Paul Thomas Anderson's last film, "There Will Be Blood," ran into the Coen brothers and "No Country for Old Men" at Oscar time, which meant that although Daniel Day-Lewis rightly earned Best Actor honors, the latter film was the year's big winner. With the release of "The Master," however, Anderson's latest effort, it's clear that the title could just as well refer to the writer-director as it does a character in the film itself. Simply put, between both of these films Anderson has an undeniable vision which he is able to realize in ways that are both cerebral and beautiful, leaving interpretation to the viewer, but always knowing exactly what it is he is trying to say.
The film, which was shot in 65mm, opens on an island in the Pacific during WWII. Freddie Quell, played by Joaquin Phoenix, is on the beach with his fellow sailors, far, far from home. When his mates create a woman in the sand, it's Freddie who mounts her, at first in jest, though it evolves into something different, something that's both sexual and intimate. Freddie, you see, has been deeply damaged by everything he has seen in the war, and despite his efforts, he's simply unable to truly return to society. He can't keep a job, or a girl, and all he's truly good at is mixing a good drink, using whatever he has at his disposal. That is, perhaps, what saves him when he stows away on a boat headed by Lancaster Dodd (Phillip Seymour Hoffman), a charismatic visionary who has created The Cause, a way of approaching life through visiting past lives and examining the psyche through an invasive methodology that can have an enormous impact on someone who is desperately detached and in need of something, anything, to cling to. Someone like Freddie, that is.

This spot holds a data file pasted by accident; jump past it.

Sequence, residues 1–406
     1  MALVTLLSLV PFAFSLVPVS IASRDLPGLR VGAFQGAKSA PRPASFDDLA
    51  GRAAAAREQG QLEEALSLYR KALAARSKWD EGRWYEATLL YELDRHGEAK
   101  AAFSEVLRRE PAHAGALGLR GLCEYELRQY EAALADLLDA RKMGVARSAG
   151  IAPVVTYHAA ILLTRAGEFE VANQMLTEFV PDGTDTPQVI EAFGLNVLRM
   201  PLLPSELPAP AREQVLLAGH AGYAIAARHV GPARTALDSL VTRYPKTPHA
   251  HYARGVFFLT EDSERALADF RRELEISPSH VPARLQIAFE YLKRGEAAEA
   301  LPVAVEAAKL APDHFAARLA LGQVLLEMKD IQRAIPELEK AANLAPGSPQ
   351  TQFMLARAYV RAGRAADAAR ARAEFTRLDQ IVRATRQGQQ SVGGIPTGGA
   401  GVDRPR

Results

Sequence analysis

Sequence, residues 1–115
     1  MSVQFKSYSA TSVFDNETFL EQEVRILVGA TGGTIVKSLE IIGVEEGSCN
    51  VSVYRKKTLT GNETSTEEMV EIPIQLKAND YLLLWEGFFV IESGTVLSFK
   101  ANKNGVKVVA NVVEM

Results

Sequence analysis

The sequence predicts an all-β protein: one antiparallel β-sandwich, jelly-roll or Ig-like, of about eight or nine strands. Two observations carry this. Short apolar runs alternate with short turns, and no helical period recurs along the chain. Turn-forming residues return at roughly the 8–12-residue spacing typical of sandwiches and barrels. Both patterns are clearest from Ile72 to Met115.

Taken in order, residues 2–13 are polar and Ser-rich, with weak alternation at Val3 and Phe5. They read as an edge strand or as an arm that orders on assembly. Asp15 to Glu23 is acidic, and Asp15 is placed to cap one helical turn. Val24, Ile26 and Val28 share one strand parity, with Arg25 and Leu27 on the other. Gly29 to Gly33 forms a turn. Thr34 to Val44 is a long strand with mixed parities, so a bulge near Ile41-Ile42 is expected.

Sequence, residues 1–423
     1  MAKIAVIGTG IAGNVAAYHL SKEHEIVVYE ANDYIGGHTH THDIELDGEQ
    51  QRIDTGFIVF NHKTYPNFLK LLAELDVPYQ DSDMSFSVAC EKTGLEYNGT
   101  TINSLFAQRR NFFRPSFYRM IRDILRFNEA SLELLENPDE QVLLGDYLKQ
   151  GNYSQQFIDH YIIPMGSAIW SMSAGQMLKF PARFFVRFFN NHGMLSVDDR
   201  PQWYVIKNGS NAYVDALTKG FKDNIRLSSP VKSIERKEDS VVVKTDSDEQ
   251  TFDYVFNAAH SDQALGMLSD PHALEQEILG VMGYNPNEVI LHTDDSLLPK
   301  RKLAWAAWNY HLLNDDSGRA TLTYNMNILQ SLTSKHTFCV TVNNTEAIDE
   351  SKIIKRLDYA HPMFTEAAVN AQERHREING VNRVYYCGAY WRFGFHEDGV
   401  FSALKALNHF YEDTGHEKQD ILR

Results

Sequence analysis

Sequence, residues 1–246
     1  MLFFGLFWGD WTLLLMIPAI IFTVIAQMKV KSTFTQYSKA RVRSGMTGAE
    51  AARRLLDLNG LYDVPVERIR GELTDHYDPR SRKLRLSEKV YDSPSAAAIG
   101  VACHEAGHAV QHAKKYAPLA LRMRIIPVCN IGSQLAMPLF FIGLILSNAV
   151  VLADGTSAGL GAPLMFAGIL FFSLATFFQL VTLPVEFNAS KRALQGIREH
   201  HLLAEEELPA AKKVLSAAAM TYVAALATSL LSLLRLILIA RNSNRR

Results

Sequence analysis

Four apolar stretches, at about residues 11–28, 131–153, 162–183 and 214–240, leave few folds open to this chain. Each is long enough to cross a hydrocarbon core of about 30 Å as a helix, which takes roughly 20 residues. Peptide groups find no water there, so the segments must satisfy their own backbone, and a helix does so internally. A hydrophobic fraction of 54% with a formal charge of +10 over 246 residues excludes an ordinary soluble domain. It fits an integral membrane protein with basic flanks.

Anderson has made no secret of the fact that Dodd and The Cause are based on the early days of L. Ron Hubbard and Scientology, but before you see "The Master" as an indictment of that, ahem, church, it's worth noting that what it really is about is the relationship between these two men, both of whom are searching for something. This is a challenging film, because Anderson never truly tells you what it's about—so much of that is left up to you as the viewer. It is simply gorgeous to watch, an absolutely beautiful experience. And the acting is simply amazing. Both Hoffman and Phoenix give incredible performances, and the work they do when they're in scenes together is even better than when they're apart. These are both men who need one another—every prophet needs someone to listen, after all. Anderson examines both of them in such a way that even though neither man is easy to like, they're fascinating to watch. If I have one criticism, it might be that because the film is so intelligent, it is easy to become detached rather than involved. But that's only a problem if you don't want to join the cause, which is, in this case, incredible cinema.